Scientists Identify the World’s Oldest Biological Colours
A team of international scientists including researchers from the University of Liège, Florida State University and the Australian National University, in collaboration with a colleague based in Japan have discovered the oldest colours preserved in the fossil record. An analysis of the remains of microscopic, 1.1 billion-year-old cyanobacteria suggest that life back in the Proterozoic was “in the pink”. Pink coloured pigments have been extracted from ancient marine shales that form part of the Taoudeni Basin of Mauritania (north-western Africa).
When Held Up in the Light the Pink Colouration can be Seen
Picture Credit: Australian National University
One of the authors of the scientific paper, published in the “Proceedings of the National Academy of Sciences of the USA”, Dr Nur Gueneli (Australian National University), explained that the pigments taken from the marine black shales were more than six hundred million years older than previous pigment discoveries.
Dr Gueneli commented:
“The bright pink pigments are the molecular fossils of chlorophyll that were produced by ancient photosynthetic organisms inhabiting an ancient ocean that has long since vanished.”
Samples of the shales laid down during the Stenian, the last geological period of the Mesoproterozoic Era, were ground into fine powder before the ancient molecules of long extinct cyanobacteria could be extracted and analysed. The fossils reveal a range of colours from a blood red to a deep purple in their concentrated form, but when diluted, it is the colour pink that dominates.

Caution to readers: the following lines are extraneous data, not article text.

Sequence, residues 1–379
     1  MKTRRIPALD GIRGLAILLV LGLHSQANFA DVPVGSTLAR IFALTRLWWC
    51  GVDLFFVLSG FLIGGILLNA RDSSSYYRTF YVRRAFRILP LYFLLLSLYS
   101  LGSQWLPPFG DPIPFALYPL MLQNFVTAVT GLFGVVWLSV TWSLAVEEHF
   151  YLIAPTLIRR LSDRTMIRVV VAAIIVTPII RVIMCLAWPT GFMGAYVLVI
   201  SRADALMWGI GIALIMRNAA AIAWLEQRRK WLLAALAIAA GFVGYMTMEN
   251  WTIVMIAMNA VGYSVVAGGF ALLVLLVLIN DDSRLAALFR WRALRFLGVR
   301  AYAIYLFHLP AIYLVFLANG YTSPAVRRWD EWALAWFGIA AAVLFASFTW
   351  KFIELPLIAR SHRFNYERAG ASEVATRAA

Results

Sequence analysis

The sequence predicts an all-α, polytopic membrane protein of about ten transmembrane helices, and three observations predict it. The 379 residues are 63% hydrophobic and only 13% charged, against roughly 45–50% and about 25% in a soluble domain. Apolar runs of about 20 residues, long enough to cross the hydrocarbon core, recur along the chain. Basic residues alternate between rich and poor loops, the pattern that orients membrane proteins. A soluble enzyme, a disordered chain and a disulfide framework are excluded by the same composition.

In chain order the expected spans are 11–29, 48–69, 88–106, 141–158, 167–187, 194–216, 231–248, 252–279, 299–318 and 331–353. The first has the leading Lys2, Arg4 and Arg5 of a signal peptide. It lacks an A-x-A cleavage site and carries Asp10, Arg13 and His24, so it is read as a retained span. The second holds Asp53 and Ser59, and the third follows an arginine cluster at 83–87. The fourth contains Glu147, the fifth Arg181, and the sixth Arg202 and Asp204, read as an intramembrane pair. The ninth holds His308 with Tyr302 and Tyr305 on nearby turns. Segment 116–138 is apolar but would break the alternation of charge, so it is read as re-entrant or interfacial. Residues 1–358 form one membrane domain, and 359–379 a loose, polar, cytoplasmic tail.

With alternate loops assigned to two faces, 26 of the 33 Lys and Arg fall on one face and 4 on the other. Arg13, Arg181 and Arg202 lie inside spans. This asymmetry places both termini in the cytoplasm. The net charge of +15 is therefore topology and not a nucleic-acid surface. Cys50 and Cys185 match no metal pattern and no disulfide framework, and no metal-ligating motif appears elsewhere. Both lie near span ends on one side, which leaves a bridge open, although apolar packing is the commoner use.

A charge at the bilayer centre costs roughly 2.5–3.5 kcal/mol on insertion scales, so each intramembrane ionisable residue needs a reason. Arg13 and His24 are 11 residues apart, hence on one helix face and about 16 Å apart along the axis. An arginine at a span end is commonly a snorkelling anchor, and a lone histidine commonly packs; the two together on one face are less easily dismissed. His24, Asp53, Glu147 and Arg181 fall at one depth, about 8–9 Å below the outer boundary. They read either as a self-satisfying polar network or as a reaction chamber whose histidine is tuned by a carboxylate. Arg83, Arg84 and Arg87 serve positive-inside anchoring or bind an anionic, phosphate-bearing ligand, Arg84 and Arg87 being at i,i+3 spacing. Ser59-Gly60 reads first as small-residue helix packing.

Dr Gueneli, who undertook this research whilst studying for a PhD added:
“The precise analysis of the ancient pigments confirmed that tiny cyanobacteria dominated the base of the food chain in the oceans a billion years ago, which helps to explain why animals did not exist at the time.”
Lack of Things for Higher Organisms to Eat
Complicated animal life was not able to evolve, according to one hypothesis, as it was restrained by the lack of food in the ocean. In essence, life on Earth could not pick up the evolutionary pace as food webs were constrained by the amount of primary producers in the ecosystem. Through the team’s discovery of molecular fossils of the photopigment chlorophyll in 1.1-billion-year-old marine sedimentary rocks, they were able to quantify the abundance of different organisms that uses the sun’s energy to produce food (phototrophs). Nitrogen isotopic values of the fossil pigments revealed that the Pan-African Ocean was dominated by cyanobacteria, while larger planktonic algae were very scarce. These findings support the hypothesis that small cells at the base of the food chain limited the flow of energy to higher trophic levels, potentially retarding the emergence of large and complex life.
Associate Professor Jochen Brooks, of the Research School of Earth Sciences (Australian National University), one of the authors of the scientific paper, stated that the emergence of more complex life forms was likely to have been restricted by the limited supply of larger food particles, such as algae.
Associate Professor Brooks explained:
“Algae, although still microscopic, are a thousand times larger in volume than cyanobacteria, and are a much richer food source. The cyanobacterial oceans started to vanish about 650 million years ago, when algae began to rapidly spread to provide the burst of energy needed for the evolution of complex ecosystems, where large animals, including humans, could thrive on Earth.”